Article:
Have you ever found yourself struggling to stay motivated, even though you’re fully aware of what needs to be done? You’re not alone. Many of us experience this disconnect between our intentions and actions, leading to self-sabotage and frustration. Let’s dive into the psychological theories behind motivation to unravel the mystery of why we sometimes fail to “get things done.”

Understanding Motivation: Beyond Willpower

  1. Intrinsic vs. Extrinsic Motivation (Self-Determination Theory): Developed by Edward L. Deci and Richard M. Ryan, this theory suggests there are two main types of motivation – intrinsic and extrinsic. Intrinsic motivation comes from within, such as a personal interest or enjoyment in the task itself, while extrinsic motivation is driven by external rewards or pressures. Recognizing which type of motivation is driving your actions can help you align your goals more effectively.
  2. The Role of Dopamine (Neuroscience Perspective): Dopamine, often dubbed the ‘feel-good hormone,’ plays a crucial role in our motivation. Neuroscience research shows that dopamine is not just about pleasure, but more about anticipating rewards. Understanding this can help us structure our tasks and goals in a way that maximizes this anticipatory effect, rather than relying solely on discipline.

The Truth About Procrastination: A Psychological Defense Mechanism

  1. Fear of Failure (and Success): Often, procrastination is not about laziness but fear. This could be the fear of failure or even the fear of success. Both fears can lead to self-sabotaging behavior as a means of psychological protection.
  2. Perfectionism Paradox: For some, the desire to do everything perfectly leads to procrastination. When the expectation of oneself is set too high, the fear of not meeting these standards can be paralyzing.

Some strategies to Enhance Motivation

  1. Setting Realistic Goals (Goal Setting Theory): Locke and Latham’s Goal Setting Theory emphasizes the importance of clear and challenging goals. Instead of vague resolutions, try setting SMART goals – Specific, Measurable, Achievable, Relevant, and Time-bound. For instance, rather than saying “I want to be more fit,” set a goal like “I will run 30 minutes every day for the next three months.”
  2. Harnessing the Power of Habits (Habit Formation): According to Charles Duhigg, habits are formed by a loop of cue, routine, and reward. Identify a cue (like a time of day), establish a routine (like a 15-minute meditation), and then reward yourself. This method can help turn sporadic actions into steady habits.
  3. The Pomodoro Technique: This time management method encourages working in short bursts with breaks in between. It’s effective in preventing burnout and maintaining high levels of productivity.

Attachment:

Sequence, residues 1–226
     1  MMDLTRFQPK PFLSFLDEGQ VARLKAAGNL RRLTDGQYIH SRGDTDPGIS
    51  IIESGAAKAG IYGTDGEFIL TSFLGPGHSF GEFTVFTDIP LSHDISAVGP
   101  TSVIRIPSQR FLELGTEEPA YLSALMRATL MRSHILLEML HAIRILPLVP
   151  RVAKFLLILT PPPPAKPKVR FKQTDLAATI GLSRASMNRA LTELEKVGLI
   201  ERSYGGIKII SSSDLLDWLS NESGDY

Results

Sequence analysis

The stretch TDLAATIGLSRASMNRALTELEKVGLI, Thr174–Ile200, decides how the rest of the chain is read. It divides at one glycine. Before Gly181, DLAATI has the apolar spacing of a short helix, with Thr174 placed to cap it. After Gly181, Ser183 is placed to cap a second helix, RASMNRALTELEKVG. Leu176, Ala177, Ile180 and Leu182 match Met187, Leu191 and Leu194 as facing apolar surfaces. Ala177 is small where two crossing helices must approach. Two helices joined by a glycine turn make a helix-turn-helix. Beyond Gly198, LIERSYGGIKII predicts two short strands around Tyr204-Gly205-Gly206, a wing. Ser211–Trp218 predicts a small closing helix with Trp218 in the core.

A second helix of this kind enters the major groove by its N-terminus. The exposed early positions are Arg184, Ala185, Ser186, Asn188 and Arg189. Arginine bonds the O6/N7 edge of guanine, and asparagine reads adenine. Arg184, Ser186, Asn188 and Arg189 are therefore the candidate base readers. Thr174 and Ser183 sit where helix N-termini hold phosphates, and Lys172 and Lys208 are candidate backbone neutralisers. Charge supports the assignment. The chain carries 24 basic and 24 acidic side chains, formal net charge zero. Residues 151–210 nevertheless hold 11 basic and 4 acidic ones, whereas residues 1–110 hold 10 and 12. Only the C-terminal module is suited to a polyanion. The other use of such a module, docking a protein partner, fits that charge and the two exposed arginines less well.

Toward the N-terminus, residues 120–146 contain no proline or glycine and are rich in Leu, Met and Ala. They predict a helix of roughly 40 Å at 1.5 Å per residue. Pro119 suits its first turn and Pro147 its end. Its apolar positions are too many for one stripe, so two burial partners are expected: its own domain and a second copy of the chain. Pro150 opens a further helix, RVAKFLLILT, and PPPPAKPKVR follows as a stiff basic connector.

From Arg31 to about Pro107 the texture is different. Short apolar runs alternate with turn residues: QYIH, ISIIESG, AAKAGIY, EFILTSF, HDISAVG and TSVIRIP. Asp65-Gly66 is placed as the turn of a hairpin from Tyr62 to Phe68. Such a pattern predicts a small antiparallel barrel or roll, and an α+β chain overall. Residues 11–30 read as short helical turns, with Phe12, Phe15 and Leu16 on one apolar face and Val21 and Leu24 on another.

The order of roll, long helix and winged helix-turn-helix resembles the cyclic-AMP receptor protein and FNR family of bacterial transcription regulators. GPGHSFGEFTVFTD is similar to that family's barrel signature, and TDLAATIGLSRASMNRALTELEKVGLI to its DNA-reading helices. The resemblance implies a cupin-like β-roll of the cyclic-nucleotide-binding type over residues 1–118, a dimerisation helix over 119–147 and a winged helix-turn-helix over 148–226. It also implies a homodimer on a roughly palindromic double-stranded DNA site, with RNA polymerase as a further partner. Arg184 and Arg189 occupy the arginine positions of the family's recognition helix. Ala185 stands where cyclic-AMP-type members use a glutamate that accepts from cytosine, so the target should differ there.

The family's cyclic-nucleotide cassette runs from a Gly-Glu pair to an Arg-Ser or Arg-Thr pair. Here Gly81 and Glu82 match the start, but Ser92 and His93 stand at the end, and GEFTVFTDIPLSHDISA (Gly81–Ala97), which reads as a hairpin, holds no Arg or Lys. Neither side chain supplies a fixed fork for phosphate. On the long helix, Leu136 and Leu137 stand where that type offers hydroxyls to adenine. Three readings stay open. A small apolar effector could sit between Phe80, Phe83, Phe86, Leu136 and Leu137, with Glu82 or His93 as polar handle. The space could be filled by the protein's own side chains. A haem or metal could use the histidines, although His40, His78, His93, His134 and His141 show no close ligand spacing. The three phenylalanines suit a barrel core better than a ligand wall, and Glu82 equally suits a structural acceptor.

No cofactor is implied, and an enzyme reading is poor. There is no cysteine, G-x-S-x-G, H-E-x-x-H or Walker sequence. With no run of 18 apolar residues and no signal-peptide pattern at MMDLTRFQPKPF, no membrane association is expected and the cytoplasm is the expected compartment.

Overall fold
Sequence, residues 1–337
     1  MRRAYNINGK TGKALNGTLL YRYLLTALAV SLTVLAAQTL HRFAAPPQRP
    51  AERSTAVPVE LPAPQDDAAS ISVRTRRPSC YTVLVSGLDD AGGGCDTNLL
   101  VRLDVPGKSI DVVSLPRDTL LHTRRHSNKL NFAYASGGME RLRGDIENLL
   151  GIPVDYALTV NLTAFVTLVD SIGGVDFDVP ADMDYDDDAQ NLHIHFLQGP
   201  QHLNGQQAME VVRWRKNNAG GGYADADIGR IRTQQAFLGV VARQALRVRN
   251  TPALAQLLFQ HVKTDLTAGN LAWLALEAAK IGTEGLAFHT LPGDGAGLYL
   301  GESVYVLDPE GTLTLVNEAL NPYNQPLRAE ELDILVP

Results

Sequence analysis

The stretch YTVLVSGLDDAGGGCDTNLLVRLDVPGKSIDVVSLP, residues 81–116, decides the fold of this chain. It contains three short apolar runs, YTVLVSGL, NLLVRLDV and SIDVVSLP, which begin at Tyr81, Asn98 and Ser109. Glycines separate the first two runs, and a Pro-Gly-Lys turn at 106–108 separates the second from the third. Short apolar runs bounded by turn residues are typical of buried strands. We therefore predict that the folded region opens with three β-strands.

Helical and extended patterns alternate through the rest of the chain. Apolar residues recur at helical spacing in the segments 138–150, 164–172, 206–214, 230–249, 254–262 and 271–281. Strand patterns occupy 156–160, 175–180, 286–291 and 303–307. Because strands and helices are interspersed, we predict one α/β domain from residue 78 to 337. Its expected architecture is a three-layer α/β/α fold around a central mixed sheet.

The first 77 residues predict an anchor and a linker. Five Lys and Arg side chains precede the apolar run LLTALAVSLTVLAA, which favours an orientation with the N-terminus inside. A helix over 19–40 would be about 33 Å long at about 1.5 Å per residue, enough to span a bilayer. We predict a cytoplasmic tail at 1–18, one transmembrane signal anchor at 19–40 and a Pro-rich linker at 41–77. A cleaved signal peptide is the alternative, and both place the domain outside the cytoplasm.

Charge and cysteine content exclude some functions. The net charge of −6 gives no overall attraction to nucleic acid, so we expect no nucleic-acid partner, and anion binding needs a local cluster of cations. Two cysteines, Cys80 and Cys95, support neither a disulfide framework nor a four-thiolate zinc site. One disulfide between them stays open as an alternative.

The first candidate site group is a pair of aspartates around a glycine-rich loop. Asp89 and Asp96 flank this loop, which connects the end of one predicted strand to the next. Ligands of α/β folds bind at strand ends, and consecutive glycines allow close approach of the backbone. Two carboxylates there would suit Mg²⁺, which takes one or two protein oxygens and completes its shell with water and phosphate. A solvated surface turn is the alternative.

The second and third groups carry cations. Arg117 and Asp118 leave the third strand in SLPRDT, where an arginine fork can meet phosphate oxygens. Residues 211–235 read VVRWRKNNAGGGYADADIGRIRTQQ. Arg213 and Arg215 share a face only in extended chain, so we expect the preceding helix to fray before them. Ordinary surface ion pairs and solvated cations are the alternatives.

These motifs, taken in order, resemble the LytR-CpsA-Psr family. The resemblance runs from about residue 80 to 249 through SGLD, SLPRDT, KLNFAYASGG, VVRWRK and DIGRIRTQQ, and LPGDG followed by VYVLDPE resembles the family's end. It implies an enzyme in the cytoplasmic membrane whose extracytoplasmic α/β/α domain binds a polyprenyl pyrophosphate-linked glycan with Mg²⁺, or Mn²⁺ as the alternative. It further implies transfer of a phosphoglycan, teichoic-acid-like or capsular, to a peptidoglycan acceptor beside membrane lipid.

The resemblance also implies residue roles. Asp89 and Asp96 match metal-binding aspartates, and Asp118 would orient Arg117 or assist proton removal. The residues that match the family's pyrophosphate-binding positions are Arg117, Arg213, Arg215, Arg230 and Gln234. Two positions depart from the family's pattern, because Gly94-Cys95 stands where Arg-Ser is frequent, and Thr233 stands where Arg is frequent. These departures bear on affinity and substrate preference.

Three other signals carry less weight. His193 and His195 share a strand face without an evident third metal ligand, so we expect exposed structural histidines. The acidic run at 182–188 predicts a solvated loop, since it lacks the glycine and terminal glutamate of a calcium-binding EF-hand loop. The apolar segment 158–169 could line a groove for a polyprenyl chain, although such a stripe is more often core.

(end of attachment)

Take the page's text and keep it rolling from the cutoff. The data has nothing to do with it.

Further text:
4. Mindful Acceptance (Acceptance and Commitment Therapy): A core aspect of ACT, as developed by Steven C. Hayes, is learning to accept your feelings without judgment. Apply this by acknowledging your current state of motivation without self-criticism, and commit to taking small, manageable actions aligned with your values.

By integrating these scientifically-backed strategies into your daily life, you can transform your approach to motivation. It’s not about overpowering your natural tendencies, but understanding and working with them to achieve your goals.

Your Journey with Dr Sophie Coaching

Understanding the underlying psychological theories of motivation can be empowering. It helps us stop beating ourselves up for perceived laziness and instead, approach our goals with strategies that align with how our minds work.

As we explore these strategies together, I will guide you through a personalized approach to enhance your motivation, grounded in emotional intelligence and leadership. Let’s unlock your potential and find joy in the journey toward your goals.

Sincerely yours,

Dr. Sophie



  1. Locke, E. A., & Latham, G. P. (2002). Building a practically useful theory of goal setting and task motivation: A 35-year odyssey. American Psychologist, 57(9), 705-717.
  2. Duhigg, C. (2012). The Power of Habit: Why We Do What We Do in Life and Business. Random House.
  3. Cirillo, F. (2006). The Pomodoro Technique. Cirillo Company.
  4. Hayes, S. C., Strosahl, K. D., & Wilson, K. G. (2011). Acceptance and Commitment Therapy: The Process and Practice of Mindful Change (2nd ed.). Guilford Press.